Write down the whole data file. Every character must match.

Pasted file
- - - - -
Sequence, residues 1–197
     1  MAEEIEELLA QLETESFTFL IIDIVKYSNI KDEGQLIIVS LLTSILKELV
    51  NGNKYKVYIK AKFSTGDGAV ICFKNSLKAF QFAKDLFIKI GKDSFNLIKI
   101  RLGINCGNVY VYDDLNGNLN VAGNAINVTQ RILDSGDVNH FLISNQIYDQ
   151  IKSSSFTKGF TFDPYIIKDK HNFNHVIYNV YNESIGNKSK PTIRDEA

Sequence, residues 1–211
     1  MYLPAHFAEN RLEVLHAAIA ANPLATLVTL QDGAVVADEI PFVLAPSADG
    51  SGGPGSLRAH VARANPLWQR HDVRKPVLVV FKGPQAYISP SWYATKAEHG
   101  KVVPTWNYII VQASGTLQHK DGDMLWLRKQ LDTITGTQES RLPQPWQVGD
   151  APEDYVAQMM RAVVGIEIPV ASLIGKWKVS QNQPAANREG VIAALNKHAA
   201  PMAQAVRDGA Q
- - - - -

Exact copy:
Sequence, residues 1–197
     1  MAEEIEELLA QLETESFTFL IIDIVKYSNI KDEGQLIIVS LLTSILKELV
    51  NGNKYKVYIK AKFSTGDGAV ICFKNSLKAF QFAKDLFIKI GKDSFNLIKI
   101  RLGINCGNVY VYDDLNGNLN VAGNAINVTQ RILDSGDVNH FLISNQIYDQ
   151  IKSSSFTKGF TFDPYIIKDK HNFNHVIYNV YNESIGNKSK PTIRDEA

Sequence, residues 1–211
     1  MYLPAHFAEN RLEVLHAAIA ANPLATLVTL QDGAVVADEI PFVLAPSADG
    51  SGGPGSLRAH VARANPLWQR HDVRKPVLVV FKGPQAYISP SWYATKAEHG
   101  KVVPTWNYII VQASGTLQHK DGDMLWLRKQ LDTITGTQES RLPQPWQVGD
   151  APEDYVAQMM RAVVGIEIPV ASLIGKWKVS QNQPAANREG VIAALNKHAA
   201  PMAQAVRDGA Q